THE implementation of the 2010 Media Industry and Development Decree was necessary to enforce media standard, says the chairman of the Media Industry Development Authority Ashwin Raj.
He said too often criticism directed at the media was seen as an assault on journalistic freedom.
Speaking during a panel discussion on the "Role of the Media in a Constitutional Democracy" at the 15th Attorney-General's Conference in Natadola yesterday, Mr Raj said some sectors had called the decree an attempt to gag the press without attempting to understand the new law.
"The 2010 Decree attracted criticism from select sections decrying that the Decree was an attempt to muzzle free press by an unelected government," he said.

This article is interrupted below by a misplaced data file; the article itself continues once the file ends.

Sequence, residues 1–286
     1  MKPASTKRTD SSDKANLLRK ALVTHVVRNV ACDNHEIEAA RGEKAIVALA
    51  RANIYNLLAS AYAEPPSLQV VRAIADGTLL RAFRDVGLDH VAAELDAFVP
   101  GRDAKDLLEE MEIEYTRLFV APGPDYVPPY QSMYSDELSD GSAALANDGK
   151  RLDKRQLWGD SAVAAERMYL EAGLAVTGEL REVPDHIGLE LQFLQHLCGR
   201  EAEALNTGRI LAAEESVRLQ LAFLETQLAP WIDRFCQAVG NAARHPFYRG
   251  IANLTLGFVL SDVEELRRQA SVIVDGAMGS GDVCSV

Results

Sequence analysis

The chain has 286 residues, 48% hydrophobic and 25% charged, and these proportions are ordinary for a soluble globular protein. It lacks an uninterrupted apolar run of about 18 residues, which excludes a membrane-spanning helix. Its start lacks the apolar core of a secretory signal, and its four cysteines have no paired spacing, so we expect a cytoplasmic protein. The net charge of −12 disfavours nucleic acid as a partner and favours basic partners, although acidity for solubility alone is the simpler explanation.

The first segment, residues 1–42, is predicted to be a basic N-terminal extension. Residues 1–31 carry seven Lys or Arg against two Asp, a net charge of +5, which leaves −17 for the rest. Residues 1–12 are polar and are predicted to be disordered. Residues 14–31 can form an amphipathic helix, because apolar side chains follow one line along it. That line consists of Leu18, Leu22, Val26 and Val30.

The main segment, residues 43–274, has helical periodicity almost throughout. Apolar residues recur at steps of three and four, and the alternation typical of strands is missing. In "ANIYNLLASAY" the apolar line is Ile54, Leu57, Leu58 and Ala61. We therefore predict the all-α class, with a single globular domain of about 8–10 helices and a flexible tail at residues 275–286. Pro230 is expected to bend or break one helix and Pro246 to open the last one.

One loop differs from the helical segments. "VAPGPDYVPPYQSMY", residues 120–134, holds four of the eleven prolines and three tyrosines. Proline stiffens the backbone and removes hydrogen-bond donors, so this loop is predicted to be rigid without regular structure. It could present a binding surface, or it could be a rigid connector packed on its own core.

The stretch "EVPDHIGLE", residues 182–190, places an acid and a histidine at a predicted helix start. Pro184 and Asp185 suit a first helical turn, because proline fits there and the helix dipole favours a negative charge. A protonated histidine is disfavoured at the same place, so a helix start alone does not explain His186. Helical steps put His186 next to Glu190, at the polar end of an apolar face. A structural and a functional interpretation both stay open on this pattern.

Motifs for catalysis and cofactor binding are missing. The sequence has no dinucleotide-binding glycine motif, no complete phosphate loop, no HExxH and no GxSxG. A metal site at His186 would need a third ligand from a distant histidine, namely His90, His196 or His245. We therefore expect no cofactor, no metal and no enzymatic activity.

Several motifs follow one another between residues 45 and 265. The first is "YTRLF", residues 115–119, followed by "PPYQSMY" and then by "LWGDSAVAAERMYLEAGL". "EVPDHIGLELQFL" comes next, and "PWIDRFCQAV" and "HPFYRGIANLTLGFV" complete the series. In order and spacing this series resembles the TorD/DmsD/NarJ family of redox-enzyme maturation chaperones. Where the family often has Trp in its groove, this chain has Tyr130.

"Alarmingly, little effort has been made to actually enter the protocols of the Decree and read through its provisions, which provides a nuanced framework for the enforcement of media standards.
"If media holds the State accountable, the question then is 'who guards the guard'? What legal recourse does the public have in the event that the media has wronged them?"
Mr Raj said the media played a critical role as the country moved towards elections and could assist in a developmental role by explaining the elections process and how parliament worked in a true democracy.